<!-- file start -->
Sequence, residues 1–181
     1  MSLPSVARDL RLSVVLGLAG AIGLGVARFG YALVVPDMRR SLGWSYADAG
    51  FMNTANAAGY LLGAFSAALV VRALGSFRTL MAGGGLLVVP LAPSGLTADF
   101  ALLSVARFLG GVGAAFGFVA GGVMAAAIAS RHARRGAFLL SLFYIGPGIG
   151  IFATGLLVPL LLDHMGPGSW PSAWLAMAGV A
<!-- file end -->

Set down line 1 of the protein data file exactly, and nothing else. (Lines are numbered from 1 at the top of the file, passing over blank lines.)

Sequence, residues 1–181